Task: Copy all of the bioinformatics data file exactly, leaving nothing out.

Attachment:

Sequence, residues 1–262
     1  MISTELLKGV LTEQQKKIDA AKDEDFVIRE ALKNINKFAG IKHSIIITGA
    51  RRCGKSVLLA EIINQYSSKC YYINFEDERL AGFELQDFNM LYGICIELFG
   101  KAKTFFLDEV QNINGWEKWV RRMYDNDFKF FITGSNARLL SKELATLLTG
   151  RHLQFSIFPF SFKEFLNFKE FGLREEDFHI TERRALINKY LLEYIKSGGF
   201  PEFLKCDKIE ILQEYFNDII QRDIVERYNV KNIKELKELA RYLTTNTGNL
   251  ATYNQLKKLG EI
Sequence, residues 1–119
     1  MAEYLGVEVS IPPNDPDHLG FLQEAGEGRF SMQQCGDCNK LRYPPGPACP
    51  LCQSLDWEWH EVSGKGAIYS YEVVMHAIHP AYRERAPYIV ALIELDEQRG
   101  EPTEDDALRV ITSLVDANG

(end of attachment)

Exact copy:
Sequence, residues 1–262
     1  MISTELLKGV LTEQQKKIDA AKDEDFVIRE ALKNINKFAG IKHSIIITGA
    51  RRCGKSVLLA EIINQYSSKC YYINFEDERL AGFELQDFNM LYGICIELFG
   101  KAKTFFLDEV QNINGWEKWV RRMYDNDFKF FITGSNARLL SKELATLLTG
   151  RHLQFSIFPF SFKEFLNFKE FGLREEDFHI TERRALINKY LLEYIKSGGF
   201  PEFLKCDKIE ILQEYFNDII QRDIVERYNV KNIKELKELA RYLTTNTGNL
   251  ATYNQLKKLG EI
Sequence, residues 1–119
     1  MAEYLGVEVS IPPNDPDHLG FLQEAGEGRF SMQQCGDCNK LRYPPGPACP
    51  LCQSLDWEWH EVSGKGAIYS YEVVMHAIHP AYRERAPYIV ALIELDEQRG
   101  EPTEDDALRV ITSLVDANG